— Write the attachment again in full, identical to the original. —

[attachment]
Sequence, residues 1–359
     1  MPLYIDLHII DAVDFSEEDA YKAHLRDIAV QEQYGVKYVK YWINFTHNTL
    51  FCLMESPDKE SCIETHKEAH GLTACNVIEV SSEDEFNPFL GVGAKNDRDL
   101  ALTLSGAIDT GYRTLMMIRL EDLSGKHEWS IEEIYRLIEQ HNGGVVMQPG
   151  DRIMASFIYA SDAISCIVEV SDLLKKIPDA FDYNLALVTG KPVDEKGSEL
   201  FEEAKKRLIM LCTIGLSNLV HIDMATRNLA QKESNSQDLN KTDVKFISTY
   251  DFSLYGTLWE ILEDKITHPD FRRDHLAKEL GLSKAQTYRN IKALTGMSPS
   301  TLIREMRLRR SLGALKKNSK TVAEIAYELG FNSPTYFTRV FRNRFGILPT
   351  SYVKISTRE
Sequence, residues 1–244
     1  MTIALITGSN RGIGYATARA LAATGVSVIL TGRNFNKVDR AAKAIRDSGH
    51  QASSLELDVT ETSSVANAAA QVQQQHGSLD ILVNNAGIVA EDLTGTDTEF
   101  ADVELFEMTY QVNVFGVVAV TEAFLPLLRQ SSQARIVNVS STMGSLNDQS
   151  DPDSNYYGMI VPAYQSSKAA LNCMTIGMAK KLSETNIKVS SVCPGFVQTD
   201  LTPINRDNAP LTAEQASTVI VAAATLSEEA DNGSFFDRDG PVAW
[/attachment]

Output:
Sequence, residues 1–359
     1  MPLYIDLHII DAVDFSEEDA YKAHLRDIAV QEQYGVKYVK YWINFTHNTL
    51  FCLMESPDKE SCIETHKEAH GLTACNVIEV SSEDEFNPFL GVGAKNDRDL
   101  ALTLSGAIDT GYRTLMMIRL EDLSGKHEWS IEEIYRLIEQ HNGGVVMQPG
   151  DRIMASFIYA SDAISCIVEV SDLLKKIPDA FDYNLALVTG KPVDEKGSEL
   201  FEEAKKRLIM LCTIGLSNLV HIDMATRNLA QKESNSQDLN KTDVKFISTY
   251  DFSLYGTLWE ILEDKITHPD FRRDHLAKEL GLSKAQTYRN IKALTGMSPS
   301  TLIREMRLRR SLGALKKNSK TVAEIAYELG FNSPTYFTRV FRNRFGILPT
   351  SYVKISTRE
Sequence, residues 1–244
     1  MTIALITGSN RGIGYATARA LAATGVSVIL TGRNFNKVDR AAKAIRDSGH
    51  QASSLELDVT ETSSVANAAA QVQQQHGSLD ILVNNAGIVA EDLTGTDTEF
   101  ADVELFEMTY QVNVFGVVAV TEAFLPLLRQ SSQARIVNVS STMGSLNDQS
   151  DPDSNYYGMI VPAYQSSKAA LNCMTIGMAK KLSETNIKVS SVCPGFVQTD
   201  LTPINRDNAP LTAEQASTVI VAAATLSEEA DNGSFFDRDG PVAW